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Group 4-5 UAS integration of terminal area sensors & operations in the terminal area for Airborne Sense and Avoid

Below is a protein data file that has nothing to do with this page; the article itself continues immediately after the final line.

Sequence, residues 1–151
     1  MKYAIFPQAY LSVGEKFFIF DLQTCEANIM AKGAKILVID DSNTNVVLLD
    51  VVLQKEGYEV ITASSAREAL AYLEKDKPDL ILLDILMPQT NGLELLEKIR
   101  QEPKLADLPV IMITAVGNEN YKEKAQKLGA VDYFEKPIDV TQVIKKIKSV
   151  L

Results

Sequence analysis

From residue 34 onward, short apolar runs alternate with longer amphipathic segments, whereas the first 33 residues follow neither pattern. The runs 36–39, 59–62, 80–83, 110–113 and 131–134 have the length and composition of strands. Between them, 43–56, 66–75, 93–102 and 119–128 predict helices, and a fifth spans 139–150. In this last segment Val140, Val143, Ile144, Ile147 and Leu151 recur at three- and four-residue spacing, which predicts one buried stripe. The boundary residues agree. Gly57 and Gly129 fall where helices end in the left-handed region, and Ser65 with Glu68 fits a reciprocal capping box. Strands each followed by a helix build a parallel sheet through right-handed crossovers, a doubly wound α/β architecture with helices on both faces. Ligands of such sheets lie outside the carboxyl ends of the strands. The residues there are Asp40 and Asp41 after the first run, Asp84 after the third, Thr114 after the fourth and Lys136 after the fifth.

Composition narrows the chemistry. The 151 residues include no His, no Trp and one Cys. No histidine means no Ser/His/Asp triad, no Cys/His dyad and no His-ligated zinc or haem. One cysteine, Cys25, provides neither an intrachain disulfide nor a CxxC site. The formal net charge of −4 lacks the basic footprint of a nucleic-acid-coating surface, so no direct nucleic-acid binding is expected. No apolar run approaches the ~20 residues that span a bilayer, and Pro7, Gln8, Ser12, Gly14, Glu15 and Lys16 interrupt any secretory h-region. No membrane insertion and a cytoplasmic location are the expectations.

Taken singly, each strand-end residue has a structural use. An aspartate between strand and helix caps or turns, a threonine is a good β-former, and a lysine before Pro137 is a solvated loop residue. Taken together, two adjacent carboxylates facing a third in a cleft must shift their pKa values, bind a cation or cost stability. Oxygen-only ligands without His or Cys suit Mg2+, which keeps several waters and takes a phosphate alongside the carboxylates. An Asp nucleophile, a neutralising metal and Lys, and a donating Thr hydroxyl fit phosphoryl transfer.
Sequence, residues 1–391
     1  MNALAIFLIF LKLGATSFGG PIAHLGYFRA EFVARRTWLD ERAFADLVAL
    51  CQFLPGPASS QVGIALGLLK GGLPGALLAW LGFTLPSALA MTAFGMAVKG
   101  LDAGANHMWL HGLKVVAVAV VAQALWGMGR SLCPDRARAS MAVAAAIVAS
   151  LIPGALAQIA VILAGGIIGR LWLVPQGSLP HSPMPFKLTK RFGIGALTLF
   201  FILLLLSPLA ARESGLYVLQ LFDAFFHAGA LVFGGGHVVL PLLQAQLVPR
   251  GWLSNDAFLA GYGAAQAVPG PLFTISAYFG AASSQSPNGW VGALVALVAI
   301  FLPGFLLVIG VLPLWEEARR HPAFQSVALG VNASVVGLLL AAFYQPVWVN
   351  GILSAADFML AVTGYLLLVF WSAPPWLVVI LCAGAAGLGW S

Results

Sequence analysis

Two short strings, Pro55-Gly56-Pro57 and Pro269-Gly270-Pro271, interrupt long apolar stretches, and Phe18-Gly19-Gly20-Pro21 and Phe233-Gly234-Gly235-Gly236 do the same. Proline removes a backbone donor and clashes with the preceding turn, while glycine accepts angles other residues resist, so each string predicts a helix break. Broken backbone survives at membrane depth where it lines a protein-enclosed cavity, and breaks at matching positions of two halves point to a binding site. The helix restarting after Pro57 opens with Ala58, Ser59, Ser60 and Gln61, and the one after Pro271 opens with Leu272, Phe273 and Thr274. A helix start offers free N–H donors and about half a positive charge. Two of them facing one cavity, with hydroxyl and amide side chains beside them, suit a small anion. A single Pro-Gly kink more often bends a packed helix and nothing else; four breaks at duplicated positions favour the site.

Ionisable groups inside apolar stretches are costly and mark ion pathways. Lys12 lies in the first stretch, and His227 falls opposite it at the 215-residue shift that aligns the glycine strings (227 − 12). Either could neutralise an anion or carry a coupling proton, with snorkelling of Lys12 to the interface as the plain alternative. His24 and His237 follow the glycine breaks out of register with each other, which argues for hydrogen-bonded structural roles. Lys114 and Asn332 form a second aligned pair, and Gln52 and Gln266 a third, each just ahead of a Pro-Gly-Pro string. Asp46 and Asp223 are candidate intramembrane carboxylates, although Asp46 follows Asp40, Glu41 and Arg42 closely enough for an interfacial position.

OBJECTIVE: Develop technology to utilize and integrate terminal area ground based sensors for sense and avoid operation of a UAS in a terminal area. DESCRIPTION: Terminal Area Operations are intended to facilitate UAS operations in a confined volume of airspace near a regional terminal area or near a restricted airspace. To ensure safe UAS operations in the terminal environment, one concept utilizes ground-based observers or sensor technology capable of scanning beyond the edges of the confined operational airspace volume. The observers or sensors alert the UAS pilot/operator of approaching traffic so actions may be taken to avoid potential collisions with other traffic. Alone or in conjunction with participating air traffic controller (ATC), UAS must effectively conduct their training and other missions without impacting the safety of other manned aircraft and the controller"s workload. Terminal area UAS operations are conducted in a volume of airspace associated with an operating airfield, and may be conducted in Class C, D, G, or E airspace. Three phases of flight are associated with terminal area operations: departure, rectangular/overhead pattern work, and arrival/landing. For Group 4-5 UAS, terminal area operations require a runway environment for takeoffs and landings. The terminal area can be a complex and challenging environment. Through continual monitoring of air traffic (cooperative and non-cooperative) and the appropriate separation/collision avoidance procedures, SAA technologies provide enhanced safety of flight for both manned and unmanned systems. DoD UAS pilots/operators will apply the appropriate separation minima when transiting through a terminal area to ensure safe separation/collision avoidance. UA separation criteria will be no less than the appropriate separation minima as defined in FAA JO 7110.65. If avoidance action is required, pilot/operator will make an immediate collision avoidance maneuver and relay deviation to the appropriate controlling agency. Once the UA is clear of the conflict, the pilot/operator will notify/coordinate with the controlling agency and continue normal operations. Both vertical and lateral maneuvers may be accomplished to avoid traffic. In order to maintain safe separation, air traffic must be appropriately tracked as specified in the Department of Defense Unmanned Aircraft System Airspace Integration Plan (see references). Many types of sensors are being evaluated for Airborne Based Sense And Avoid (ABSAA) and Ground Based Sense And Avoid (GBSAA). The ABSAA consists of ownship EO and Radar sensors along with detection and tracking capabilities under development. The GBSAA consists of typical ATC radar systems that will provide track data. While moving into a terminal area, the number of intruders will likely be increasing and the distance between these intruders and the ownship will be decreasing, resulting in a higher risk environment. There are other challenges for false alarms generated by the ABSAA EO component such as moving objects and other ground clutter due to EO phenomenology. Similarly, the ABSAA radar system does not provide a perfect air picture under all operating conditions. The primary objective of this effort is to demonstrate a significant improvement in tracking of airborne traffic through the fusion of the ABSAA and GBSAA systems as compared to the capability of the individual systems. Capabilities of the ongoing development of the ABSAA systems, specifically the EO and Radar sensor and tracking capabilities will be provided as Government Furnished Data. Similarly, typical GBSAA performance characteristics will be provided. At a minimum, true target track and false alarm characteristics will be provided to enable modeling of existing capabilities. PHASE I: Identify proposed solutions to utilize the combination of the Ground Based Sense And Avoid (GBSAA) system with Air Borne Sense And Avoid (ABSAA) track data for use by a UAS in terminal areas. Establish feasibility of proposed solutions through simulation, analysis, and appropriate scientific means. Quantify the performance against operating conditions (i.e., air space density). PHASE II: Refine the most promising Phase I solution(s) towards an operationally relevant implementation involving the use of real versus simulated government furnished data. Identify and potentially resolve critical issues for fielding new fused solutions integrating ground and airborne sensors. PHASE III: Develop Phase 2 solution(s) to be compatible with current or planned military and commercial collision avoidance systems. Implement a product capable of integration with at least one current UAS. REFERENCES: 1. Department of Defense Unmanned Aircraft System Airspace Integration Plan, Version 2.0, 9 October 2010. 2. Joint Concept of Operations for Unmanned Aircraft Systems Airspace Integration, May 2011. 3. Department of Defense Terminal Area Airspace Access Profile Recommended Practices Guide, Version 0.5, 23 March 12.
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